Honestly we already know this. This whole “we add our goodness to Christ’s goodness at baptism which makes us perfect” garbage goes against our own experience. If that is how baptism works, you should enjoy the fullest measure of the gift of the holy ghost ALL THE TIME. Frankly God and his angels could not be restrained from being our associates right after baptism if that was really how things worked.

But it isn’t, and we know it from our own experiences with the gift of the Holy Ghost. Taken as a whole we slowly but surely find we enjoy the Holy Ghost more now than we used to as we simultaneously find we are better now than we used to be.

4. If we are faithful members we will not find ourselves to be very nervous at the judgement bar hoping for some extra credit or some extra good deed to be remembered, and then have Christ correct us.

Just read from the book of Mormon:

2 Nephi 9:13 …all men become incorruptible, and immortal, and they are living souls, having a perfect knowledge like unto us in the flesh, save it be that our knowledge shall be perfect.
 14 Wherefore, we shall have a perfect knowledge of all our guilt, and our uncleanness, and our nakedness; and the righteous shall have a perfect knowledge of their enjoyment, and their righteousness, being clothed with purity, yea, even with the robe of righteousness.

5. If we live disobediently, we will not find Christ at the judgement bar begging for us to accept his atonement and stay in the Celestial Kingdom.

Same as 4, along with the fact that this is the day of our probation. Christ won’t be offering last minute chances at the judgement bar. This is the day of our salvation.

6. If a girl goes too far on a date and feels a terrible sense of failure, it is Not because she doesn’t understand the atonement.

We live in a day where the commonness of immorality has made us put aside our faith about what prophets have said about the seriousness of it. Is repentance and forgiveness through the atonement the answer to the girl’s plight? Yes it is. But there is a tendency now to simply treat the atonement as a magic credit card to go commit moral transgression with, as long as the bill of mourning is paid, then go spend some more on it next month. Moral transgression has been being treated as less and less serious. Spencer W Kimball would not have said the deep sense of failure was out of place at all. In fact, from what we can read it seems clear he would have said it was a first step in real repentance so the atonement can actually be applied. Just read “Miracle of Forgiveness” in which he describes various couples and individuals he dealt with. Just read “Miracle of Forgiveness” in which he describes various couples and individuals he dealt with.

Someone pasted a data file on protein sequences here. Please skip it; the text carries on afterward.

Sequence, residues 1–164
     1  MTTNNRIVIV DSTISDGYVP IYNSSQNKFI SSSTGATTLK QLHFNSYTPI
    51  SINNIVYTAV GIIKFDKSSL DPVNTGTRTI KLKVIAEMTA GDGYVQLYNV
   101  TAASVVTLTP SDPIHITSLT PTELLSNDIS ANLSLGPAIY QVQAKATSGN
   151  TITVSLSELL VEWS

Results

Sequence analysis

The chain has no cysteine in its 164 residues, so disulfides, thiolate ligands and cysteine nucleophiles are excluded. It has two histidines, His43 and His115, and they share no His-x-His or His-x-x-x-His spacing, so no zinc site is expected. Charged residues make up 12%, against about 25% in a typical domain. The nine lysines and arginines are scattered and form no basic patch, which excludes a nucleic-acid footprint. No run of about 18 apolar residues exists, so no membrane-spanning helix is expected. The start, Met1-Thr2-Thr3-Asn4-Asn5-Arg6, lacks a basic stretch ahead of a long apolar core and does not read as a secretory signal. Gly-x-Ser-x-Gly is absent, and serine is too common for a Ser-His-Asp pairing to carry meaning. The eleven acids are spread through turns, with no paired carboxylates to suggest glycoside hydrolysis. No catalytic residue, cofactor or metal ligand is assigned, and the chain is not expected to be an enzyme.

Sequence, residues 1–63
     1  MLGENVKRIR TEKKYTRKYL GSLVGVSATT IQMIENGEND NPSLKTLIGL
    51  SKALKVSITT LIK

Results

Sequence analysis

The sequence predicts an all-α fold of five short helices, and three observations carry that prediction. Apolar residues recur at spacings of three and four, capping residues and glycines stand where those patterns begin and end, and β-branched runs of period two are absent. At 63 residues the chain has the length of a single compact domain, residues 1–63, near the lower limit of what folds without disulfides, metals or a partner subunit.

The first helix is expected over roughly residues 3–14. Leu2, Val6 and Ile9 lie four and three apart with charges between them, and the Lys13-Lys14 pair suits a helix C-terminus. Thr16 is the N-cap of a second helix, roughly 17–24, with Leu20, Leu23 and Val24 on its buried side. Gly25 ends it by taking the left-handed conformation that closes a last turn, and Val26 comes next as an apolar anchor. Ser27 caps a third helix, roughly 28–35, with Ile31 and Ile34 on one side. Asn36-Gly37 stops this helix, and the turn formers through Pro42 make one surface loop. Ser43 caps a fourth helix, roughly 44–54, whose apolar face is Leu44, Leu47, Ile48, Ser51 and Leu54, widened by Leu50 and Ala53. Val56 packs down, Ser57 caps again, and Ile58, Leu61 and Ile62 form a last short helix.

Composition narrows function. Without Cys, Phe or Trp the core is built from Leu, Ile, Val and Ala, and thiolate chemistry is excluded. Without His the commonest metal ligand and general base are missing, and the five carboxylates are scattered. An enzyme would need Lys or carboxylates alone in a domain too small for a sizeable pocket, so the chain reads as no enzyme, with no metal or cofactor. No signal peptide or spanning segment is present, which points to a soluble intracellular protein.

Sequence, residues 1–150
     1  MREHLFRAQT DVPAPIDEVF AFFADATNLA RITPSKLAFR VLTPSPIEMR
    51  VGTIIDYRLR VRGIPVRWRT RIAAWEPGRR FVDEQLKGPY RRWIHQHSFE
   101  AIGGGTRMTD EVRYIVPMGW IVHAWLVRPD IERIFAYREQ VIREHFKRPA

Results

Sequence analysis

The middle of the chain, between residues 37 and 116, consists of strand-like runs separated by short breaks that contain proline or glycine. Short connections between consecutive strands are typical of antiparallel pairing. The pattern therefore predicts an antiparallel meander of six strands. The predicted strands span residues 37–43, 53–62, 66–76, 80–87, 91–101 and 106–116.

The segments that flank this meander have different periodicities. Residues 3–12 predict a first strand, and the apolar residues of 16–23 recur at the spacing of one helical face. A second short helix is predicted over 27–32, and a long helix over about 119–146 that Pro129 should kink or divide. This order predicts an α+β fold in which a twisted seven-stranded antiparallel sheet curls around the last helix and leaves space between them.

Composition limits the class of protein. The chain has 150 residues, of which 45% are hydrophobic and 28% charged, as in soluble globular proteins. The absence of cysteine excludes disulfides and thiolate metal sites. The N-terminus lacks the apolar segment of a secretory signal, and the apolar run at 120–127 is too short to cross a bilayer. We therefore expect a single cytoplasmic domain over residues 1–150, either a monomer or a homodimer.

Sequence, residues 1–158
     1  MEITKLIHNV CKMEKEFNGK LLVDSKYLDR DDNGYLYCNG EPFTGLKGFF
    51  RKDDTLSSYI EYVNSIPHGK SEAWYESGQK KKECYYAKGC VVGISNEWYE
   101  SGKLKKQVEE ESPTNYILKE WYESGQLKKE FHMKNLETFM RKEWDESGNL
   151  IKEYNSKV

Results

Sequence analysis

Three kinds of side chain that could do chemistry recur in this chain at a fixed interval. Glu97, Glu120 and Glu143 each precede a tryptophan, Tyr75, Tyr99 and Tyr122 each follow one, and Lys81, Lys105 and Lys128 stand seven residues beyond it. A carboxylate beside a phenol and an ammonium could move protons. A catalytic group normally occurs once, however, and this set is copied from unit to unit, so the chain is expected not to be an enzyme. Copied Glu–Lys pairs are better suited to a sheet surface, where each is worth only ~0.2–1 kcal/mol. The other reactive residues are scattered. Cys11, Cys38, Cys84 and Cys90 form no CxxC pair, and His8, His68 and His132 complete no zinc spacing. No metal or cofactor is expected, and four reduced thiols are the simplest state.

Among the most common sexual sins our young people commit are those of necking and petting. Not only do these improper relations often lead to fornication and abortions – both ugly sins – but in and of themselves they are pernicious evils, and it is often difficult for youth to distinguish where on ends and another begins. …Paul wrote as if to modern young people who deceive themselves that their necking and petting are but expressions of love: “Wherefore God also gavem them up to uncleanness through the lusts of their own hearts, to dishonor their own bodies between themselves.” (Rom 1:24)

How could the evils of petting be more completely described?

Too often, young people dismiss their petting with a shrug of their shoulders as a little indiscretion. Too many of them are shocked, or feign to be, when told that what they have done in the name of petting was in reality fornication. (Spencer W Kimball, The Miracle of Forgiveness, page 65-66)

President Kimball also taught

All those who have slipped into the disgraceful and most reprehensible habit of transgressing through petting should immediately change their lives, their habits, and their thought patterns, repent sorely in “sackcloth and ashes,” and be confession get so far as possible a clearance from the Lord and the leaders of his Church so that a measure of peace may accompany them through their lives. (Spencer W Kimball, The Miracle of Forgiveness, page 67)

Or turn to a conference talk of his on the matter. One such talk is here:

https://www.lds.org/general-conference/1980/10/president-kimball-speaks-out-on-morality?lang=eng

Can you read this and believe such a girl feels a deep sense of failure only because she doesn’t understand the atonement? Quite the contrary. A recognition of the severity of such matter must not be pushed out of our society one more jot than has already been done by the advocates of this sort of thinking.  Failure to teach the full seriousness of moral transgression or the difficulty in repenting of it makes it harder for people to really repent and consequently robs the individual of the opportunity to enjoy the full benefits of the atonement.

Yes, if she repents, she shall be forgiven, but as a generation we are pretty bad at estimating the price of repentance in a way that sounds anything like the miracle of forgiveness. And it is not Spencer W Kimball who is in error.

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Published by

John Robertson

I am nothing more than a regular member of the church of Jesus Christ of Latter-day Saints.